May 3rd, 2015
Having spent a few days settling into Miri, I am off again, this time to the interior of the island of Borneo, to Gunung Mulu National Park, probably one of the most iconic parks in Borneo, and given the rate of deforestation, all the more valuable as time goes on.
The taxi ride back to the Miri airport is smooth and provides daytime views of the relatively innocuous exurbs of Miri.
At the airport, a handful of people cluster around the gate prior to embarkation. The torrential downpours of recent days are thankfully absent, the sky marked by no more than scattered tufts of cotton.
It seems improbable that there would be regular flights from Miri to Gunung Mulu National Park, but the Malaysian government apparently operates the MASWings subsidiary via Malaysian Airlines at substantial loss, expressly for the purpose of buying popularity with the Sarawak electorate.
Occasional bumps occur as we rise through the clouds. Flying closer to the ground, the landscape below us remains well-defined. Happily, the plane is comfortable and offers ample room to stretch the legs, especially with the limited number of passengers flying today. The sinuous Baram river weaves below us as we progress southeastward.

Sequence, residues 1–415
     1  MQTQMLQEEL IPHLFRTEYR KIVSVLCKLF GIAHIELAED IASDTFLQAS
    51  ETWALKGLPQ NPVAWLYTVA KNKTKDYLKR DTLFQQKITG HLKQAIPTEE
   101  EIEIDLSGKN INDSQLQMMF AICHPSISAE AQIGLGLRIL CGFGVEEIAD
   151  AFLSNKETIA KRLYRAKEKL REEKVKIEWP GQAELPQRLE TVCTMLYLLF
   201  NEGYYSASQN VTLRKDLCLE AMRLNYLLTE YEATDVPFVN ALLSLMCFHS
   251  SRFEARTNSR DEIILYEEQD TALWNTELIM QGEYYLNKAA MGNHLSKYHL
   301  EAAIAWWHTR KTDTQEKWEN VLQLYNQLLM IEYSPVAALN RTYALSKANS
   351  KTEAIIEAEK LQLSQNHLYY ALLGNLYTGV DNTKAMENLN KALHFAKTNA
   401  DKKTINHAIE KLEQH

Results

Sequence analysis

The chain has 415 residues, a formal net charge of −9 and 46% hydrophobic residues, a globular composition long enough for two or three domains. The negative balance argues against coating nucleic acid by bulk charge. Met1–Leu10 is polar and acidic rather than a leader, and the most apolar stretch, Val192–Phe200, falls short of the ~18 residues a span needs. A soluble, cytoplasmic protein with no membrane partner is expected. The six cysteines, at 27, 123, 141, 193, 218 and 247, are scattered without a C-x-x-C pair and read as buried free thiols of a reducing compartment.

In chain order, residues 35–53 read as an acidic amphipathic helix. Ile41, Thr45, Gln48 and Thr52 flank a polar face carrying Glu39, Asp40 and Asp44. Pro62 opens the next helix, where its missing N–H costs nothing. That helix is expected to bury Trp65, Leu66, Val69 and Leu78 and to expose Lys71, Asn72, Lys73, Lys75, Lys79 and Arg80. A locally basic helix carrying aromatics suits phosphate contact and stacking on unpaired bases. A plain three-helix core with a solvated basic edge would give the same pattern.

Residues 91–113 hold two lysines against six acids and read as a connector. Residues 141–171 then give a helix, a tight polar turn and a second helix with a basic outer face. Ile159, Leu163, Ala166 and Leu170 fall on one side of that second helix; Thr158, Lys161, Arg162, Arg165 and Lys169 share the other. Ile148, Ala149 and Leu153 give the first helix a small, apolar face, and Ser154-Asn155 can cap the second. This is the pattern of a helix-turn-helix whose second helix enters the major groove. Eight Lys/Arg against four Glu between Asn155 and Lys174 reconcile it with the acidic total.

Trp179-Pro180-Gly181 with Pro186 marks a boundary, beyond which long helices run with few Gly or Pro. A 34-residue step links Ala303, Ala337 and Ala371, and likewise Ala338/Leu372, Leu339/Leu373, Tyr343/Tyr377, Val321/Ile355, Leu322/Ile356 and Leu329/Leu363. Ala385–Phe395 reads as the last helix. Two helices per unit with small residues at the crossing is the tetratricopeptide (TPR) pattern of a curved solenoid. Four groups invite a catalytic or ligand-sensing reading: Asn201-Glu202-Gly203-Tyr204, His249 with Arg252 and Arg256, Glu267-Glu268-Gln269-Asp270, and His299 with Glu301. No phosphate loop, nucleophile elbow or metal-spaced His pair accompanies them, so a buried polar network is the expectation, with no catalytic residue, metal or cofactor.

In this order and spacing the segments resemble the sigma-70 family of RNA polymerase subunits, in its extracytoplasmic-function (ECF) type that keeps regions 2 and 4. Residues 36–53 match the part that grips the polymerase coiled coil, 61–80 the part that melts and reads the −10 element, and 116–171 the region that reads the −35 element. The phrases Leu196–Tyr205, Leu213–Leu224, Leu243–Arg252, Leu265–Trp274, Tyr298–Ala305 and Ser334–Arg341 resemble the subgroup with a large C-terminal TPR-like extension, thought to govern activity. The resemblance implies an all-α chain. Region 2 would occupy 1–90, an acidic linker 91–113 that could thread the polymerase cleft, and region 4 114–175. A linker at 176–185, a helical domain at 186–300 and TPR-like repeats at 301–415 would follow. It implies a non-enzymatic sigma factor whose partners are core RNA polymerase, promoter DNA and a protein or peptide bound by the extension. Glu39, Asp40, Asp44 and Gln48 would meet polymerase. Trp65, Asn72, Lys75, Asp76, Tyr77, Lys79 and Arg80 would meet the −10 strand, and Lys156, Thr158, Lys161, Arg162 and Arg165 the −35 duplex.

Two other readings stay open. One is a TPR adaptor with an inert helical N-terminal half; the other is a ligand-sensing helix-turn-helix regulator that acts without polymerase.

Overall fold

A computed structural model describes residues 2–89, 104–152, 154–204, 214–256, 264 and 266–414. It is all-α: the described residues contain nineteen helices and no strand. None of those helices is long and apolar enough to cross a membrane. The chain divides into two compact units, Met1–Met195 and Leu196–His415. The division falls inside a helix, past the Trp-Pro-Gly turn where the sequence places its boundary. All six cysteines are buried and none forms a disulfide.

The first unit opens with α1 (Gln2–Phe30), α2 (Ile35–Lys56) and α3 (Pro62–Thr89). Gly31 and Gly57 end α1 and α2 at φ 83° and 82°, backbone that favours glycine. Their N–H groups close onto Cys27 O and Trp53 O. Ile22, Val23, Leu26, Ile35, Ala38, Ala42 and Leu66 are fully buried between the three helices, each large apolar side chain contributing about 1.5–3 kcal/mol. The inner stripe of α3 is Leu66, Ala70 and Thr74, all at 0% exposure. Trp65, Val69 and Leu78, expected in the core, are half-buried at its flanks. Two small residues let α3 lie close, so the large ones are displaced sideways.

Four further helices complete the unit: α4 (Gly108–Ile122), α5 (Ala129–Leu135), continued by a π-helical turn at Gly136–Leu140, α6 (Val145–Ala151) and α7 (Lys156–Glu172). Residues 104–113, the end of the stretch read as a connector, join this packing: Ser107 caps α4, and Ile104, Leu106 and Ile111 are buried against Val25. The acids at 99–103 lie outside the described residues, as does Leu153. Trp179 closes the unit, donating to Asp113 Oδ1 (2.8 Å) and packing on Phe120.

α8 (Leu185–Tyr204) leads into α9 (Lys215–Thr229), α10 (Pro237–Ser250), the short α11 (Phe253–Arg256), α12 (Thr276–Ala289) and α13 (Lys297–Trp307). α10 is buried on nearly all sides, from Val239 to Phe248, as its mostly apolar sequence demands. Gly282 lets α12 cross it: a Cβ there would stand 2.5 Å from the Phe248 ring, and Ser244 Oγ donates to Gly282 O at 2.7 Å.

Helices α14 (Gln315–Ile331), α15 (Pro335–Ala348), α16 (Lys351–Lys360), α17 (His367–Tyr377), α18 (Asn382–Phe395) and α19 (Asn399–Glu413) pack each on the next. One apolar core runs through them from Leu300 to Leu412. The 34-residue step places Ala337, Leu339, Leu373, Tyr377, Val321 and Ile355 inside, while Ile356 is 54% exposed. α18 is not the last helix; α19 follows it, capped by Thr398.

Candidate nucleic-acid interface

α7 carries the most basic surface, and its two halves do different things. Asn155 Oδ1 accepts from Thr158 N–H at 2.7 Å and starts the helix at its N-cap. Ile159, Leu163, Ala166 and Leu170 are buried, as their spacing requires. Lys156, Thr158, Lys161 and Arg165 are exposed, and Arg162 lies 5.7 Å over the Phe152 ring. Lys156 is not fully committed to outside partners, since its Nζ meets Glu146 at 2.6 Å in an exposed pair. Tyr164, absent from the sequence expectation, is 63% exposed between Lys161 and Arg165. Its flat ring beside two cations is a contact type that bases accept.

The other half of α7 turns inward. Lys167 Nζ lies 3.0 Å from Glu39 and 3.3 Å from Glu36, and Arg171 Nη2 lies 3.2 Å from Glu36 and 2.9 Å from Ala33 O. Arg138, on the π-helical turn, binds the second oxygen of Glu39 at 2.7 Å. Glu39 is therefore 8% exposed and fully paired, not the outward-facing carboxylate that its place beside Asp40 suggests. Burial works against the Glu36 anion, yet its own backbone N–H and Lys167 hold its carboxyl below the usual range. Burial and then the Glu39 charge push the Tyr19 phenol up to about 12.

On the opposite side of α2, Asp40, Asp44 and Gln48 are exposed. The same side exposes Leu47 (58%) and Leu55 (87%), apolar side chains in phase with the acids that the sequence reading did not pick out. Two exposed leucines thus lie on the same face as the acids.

The agriculture and oil palm plantations soon revert to jungle as we advance along the southern border of Sarawak and Brunei. The flat topography rises towards the mountains of Gunung Mulu park, the muddy Baram river continuing on its intricate course southwards towards Long Lama and Long Miri.
The Viking Twin-Otter propeller plane descends languidly towards the carpet of green, the mountains rising around us as the dense jungle increases in definition, the plane finally landing on the park’s remote landing strip. The setting is utterly exotic, the initial impressions one of some displaced Shangri-La.
Apparently, there are some inexpensive places to stay within a short driving distance, and near the park entrance. I agree to be ferried to the same bed and breakfast on the other side of the river from the park entrance as my new-found local friend who has just arrived from Kuala Lumpur. Her demeanour does little to indicate the nature of the lowly shack we are to be deposited at.
The wooden plank building is located on a scruffy property with adjacent run-down bungalows set at odd angles. Access to the building is by means of a rickety staircase to the raised first floor, our shoes being deposited on the small outside landing.